To conclude:

1. Buy carefully. Some LEDs are poorer than CFLs.

2. For recessed lightings used in showrooms, LEDs like the ones I used in my mother’s hospital should be considered. They are much better than CFLs.

3. For home lighting, LED tubes should be considered.


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This web page by Solarii Knight Anand is licensed under a Creative Commons Attribution-NonCommercial-ShareAlike 3.0 Unported License.

7 responses to this post.

  1. Posted by Prince on February 18, 2013 at 6:09 pm

    Awesome description dude¡ btw
    What is the cut off voltage of the flashes used in mobile camera?i connected one with 1.5 v it didn’t glow but when i connected it directly with 9v supply it blew.
    I was wondering if i can use it to make study lamp.


    • For mobile camera, may be you should operate it about 3-3.3V (mobile phone battery is 3.6-4.2V). White LEDs have rated operating point at voltage of 3.1-3.2V and absolute maximum 3.6V(not recommended). Also you will need heat sink for continous operation. To test any LED, first put a resistor in series to get the approximate voltage it can operate in.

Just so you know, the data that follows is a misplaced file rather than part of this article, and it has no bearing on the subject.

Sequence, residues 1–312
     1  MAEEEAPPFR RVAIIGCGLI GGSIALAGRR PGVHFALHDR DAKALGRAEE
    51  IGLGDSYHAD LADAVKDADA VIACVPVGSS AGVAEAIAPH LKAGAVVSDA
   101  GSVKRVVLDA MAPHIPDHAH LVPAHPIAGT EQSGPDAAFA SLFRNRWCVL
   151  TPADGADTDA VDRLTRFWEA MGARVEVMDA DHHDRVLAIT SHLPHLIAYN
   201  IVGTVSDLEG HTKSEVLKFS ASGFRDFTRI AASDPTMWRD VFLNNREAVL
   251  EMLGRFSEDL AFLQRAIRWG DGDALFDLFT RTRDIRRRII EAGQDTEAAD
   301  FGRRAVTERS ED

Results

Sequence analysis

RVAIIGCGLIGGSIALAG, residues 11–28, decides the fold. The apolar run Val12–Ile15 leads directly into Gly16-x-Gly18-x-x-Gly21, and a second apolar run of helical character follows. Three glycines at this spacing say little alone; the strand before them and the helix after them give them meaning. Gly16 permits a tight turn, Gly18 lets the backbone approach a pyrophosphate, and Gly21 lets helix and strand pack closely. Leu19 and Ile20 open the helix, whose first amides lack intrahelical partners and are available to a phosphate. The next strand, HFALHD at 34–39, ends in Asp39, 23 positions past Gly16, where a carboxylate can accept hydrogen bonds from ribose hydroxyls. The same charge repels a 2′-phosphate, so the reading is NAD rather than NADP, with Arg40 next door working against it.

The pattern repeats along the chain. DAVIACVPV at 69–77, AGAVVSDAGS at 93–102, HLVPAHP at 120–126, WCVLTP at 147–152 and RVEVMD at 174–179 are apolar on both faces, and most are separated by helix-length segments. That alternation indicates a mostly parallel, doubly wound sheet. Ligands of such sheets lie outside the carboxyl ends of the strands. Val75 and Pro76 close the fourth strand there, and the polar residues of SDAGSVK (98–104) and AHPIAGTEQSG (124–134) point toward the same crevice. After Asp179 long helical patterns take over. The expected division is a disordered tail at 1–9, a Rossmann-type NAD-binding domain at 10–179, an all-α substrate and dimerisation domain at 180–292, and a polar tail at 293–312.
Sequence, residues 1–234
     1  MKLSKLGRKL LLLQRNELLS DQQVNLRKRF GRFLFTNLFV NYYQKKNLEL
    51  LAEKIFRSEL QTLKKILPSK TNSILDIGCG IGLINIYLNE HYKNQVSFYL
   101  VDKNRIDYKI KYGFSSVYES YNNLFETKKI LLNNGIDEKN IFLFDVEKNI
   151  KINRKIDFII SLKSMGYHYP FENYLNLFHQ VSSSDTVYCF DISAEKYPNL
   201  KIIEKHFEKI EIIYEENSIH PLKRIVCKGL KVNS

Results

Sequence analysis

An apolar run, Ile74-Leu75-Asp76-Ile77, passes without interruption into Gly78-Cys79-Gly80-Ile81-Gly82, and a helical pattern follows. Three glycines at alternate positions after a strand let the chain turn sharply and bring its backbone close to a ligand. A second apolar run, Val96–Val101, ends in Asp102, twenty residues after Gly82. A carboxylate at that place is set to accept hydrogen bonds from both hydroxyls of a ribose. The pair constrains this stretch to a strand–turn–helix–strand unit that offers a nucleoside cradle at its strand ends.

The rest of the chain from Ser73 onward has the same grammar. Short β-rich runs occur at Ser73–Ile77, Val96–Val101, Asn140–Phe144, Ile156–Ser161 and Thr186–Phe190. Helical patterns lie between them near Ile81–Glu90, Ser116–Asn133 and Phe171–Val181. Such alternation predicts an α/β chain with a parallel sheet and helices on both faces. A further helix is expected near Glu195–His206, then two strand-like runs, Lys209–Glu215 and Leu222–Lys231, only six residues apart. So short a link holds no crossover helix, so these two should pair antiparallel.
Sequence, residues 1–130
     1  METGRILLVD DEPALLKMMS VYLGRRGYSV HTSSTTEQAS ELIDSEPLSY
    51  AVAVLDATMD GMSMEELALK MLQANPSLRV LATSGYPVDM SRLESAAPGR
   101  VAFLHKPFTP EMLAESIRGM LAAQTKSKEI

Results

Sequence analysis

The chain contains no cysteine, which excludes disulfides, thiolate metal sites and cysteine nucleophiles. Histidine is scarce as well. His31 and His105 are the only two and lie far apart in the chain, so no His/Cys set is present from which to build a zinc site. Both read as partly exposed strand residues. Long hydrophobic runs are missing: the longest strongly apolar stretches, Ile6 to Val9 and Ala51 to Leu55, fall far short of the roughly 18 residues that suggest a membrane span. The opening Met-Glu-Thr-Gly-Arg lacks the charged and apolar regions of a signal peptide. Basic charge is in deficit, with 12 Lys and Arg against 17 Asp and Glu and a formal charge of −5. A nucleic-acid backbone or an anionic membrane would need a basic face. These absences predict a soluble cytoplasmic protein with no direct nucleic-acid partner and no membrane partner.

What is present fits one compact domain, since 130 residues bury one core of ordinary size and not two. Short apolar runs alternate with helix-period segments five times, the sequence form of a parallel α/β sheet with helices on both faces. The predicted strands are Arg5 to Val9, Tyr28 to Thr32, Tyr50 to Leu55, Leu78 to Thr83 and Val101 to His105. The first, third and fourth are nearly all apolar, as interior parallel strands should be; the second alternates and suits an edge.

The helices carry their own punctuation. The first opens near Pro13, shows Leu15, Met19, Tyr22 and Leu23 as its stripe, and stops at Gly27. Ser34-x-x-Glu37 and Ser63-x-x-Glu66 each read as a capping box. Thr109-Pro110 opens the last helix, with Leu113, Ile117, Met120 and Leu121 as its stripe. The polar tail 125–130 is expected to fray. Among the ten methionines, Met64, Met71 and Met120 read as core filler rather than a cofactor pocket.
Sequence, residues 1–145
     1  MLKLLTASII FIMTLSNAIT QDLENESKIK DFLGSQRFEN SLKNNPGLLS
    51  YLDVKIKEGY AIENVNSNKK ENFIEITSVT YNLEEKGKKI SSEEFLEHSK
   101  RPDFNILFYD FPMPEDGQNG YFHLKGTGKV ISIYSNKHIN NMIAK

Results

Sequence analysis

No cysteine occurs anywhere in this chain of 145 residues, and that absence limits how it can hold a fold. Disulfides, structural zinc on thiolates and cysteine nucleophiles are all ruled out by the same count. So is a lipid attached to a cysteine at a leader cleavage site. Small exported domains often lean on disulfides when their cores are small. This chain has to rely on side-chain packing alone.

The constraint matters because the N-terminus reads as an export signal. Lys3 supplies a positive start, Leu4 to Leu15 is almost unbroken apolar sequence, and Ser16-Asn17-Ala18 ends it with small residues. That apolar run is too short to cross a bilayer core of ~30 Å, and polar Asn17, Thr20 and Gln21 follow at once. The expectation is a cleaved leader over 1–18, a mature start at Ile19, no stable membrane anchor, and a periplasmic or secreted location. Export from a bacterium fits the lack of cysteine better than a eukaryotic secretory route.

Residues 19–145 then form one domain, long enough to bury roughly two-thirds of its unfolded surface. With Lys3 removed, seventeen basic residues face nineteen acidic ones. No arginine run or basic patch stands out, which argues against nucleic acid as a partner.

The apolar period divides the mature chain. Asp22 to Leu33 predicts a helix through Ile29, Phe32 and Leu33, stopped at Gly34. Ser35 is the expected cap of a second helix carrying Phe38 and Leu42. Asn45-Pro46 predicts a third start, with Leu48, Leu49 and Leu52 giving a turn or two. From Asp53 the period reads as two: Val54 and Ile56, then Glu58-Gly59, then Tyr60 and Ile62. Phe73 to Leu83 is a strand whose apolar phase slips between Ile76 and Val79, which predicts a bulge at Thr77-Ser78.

Probably you can use the a few 1W LEDs, a driver and a proper heat sink and fix it with appropriate arrangement for study lamp.


  2. Posted by hack4geek on October 31, 2013 at 3:08 pm

    One more interesting piece of article man!!! Keep it up


  3. […] had already made LED lights for the hospital’s reception with the foresight of mixing that with a solar system. There were about 10 LED downlights totalling […]


  4. […] My experiments with LED lighting Next Post […]


  5. […] had already made LED lights for the hospital’s reception with the foresight of mixing that with a solar system. There were about 10 LED downlights totalling […]